|Place Made:||United States; Massachusetts; Boston|
|Measurements:||overall: 1 1/2 in x 7 3/4 in x 5 1/8 in; 3.81 cm x 19.685 cm x 13.0175 cm|
|Accession Number: ||HD 97.6.1|
|Credit Line:||Gift of Janette F. Weber, in memory of her husband, Frederick C. Weber, Jr., MD||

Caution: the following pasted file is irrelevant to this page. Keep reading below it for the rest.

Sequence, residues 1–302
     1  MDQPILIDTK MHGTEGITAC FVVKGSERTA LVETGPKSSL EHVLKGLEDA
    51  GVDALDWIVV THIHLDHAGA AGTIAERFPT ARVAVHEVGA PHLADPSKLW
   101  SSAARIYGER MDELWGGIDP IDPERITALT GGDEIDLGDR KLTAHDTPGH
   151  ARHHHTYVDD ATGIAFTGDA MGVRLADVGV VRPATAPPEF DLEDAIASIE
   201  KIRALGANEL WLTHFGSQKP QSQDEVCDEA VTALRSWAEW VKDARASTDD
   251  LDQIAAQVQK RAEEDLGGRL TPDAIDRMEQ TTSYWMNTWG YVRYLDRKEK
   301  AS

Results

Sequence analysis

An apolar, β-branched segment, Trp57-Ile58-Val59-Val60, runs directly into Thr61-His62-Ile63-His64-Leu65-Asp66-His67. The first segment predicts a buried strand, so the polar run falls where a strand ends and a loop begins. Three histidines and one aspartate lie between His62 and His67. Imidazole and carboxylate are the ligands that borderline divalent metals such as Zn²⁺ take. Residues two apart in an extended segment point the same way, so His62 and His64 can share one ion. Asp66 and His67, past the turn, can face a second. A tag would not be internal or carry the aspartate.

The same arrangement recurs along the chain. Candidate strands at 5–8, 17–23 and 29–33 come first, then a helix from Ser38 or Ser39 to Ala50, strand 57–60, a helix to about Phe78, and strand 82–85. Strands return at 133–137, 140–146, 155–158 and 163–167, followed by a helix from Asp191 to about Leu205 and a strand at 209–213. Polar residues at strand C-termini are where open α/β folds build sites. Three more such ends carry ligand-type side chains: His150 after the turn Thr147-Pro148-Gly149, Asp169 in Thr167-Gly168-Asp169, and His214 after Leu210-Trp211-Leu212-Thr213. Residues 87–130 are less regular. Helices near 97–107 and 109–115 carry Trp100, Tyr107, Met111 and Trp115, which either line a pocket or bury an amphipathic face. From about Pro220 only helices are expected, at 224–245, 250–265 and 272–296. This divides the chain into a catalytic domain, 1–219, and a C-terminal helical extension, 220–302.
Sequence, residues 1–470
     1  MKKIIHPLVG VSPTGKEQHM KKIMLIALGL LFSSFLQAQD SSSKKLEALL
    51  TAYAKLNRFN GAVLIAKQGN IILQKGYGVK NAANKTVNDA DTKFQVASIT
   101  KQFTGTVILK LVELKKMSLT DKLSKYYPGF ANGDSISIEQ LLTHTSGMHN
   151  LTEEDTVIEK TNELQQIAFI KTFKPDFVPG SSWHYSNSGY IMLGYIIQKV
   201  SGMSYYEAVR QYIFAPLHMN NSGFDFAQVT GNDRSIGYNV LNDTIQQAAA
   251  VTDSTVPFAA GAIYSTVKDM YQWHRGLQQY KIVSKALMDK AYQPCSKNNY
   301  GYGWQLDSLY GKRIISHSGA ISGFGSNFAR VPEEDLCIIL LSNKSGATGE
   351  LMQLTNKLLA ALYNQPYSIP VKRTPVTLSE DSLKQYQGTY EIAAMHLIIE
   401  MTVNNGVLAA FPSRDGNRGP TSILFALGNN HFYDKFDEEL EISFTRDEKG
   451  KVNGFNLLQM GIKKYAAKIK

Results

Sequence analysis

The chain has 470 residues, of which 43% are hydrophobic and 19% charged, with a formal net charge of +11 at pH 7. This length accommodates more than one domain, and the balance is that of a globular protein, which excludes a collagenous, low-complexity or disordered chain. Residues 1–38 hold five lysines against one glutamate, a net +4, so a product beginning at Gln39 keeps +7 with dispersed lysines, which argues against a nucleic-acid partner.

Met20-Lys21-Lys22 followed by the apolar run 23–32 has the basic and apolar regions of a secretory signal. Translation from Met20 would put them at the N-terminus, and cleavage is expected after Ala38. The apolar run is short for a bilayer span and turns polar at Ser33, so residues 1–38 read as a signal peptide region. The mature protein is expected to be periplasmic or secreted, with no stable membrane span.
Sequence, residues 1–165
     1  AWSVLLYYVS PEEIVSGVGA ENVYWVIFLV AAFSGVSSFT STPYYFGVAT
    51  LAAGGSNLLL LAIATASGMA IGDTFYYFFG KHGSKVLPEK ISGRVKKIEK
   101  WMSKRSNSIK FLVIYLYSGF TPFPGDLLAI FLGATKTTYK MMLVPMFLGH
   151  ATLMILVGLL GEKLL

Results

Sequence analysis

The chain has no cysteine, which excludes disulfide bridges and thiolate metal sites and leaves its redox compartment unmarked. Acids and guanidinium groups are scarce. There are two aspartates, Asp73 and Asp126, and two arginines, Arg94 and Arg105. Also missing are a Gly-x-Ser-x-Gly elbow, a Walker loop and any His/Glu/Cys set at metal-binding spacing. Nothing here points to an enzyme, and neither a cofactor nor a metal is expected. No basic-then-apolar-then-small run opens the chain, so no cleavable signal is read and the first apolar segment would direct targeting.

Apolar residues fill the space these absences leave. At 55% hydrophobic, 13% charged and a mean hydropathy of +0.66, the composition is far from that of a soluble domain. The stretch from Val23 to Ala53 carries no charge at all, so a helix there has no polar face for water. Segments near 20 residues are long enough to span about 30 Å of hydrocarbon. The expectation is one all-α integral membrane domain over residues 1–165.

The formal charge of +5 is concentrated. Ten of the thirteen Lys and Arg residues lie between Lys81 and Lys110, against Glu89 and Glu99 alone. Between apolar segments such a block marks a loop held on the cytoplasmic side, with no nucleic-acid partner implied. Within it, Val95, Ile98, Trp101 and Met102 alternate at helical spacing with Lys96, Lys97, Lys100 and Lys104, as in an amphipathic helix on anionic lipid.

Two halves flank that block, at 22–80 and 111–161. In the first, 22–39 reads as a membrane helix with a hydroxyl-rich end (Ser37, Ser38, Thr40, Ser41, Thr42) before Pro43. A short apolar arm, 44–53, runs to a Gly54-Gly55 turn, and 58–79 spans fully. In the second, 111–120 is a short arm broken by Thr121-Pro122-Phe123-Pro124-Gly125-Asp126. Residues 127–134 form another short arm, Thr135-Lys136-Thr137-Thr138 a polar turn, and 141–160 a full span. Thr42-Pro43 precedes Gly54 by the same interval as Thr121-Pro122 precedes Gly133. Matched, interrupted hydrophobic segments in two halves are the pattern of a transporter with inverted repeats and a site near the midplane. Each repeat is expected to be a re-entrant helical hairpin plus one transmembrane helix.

Silver porringer with a stepped and domed base with center punches on both front and back; deep, curved sides rising to a perpendicular rim; and a cast and applied geometric style handle. The porringer is marked "IC" crowned within a shield near the rim to the left of the handle for John Coney (1655/56-1722); and engraved with the initials "H P" in period block capitals on the handle and 19th century initials "FEJ" in script over "1888" on the body opposite the handle; and scratched "702" on the bottom. John Coney was unquestionably one of the giants of early American silver; in quality, quantity, and variety, his work in silver is unsurpassed and some consider him as the preeminent goldsmith of the colonial era. Born in Boston (his father was the blacksmith, John Coney), Coney was apprenticed at the age of fourteen to the master silversmith, Jeremiah Dummer. On his own, Coney created artistic and ambitious pieces of silver, including sugar boxes, monteiths, and inkstands. This porringer, an eating vessel, is a simple form achieved by hammering the bowl and soldering on a cast handle.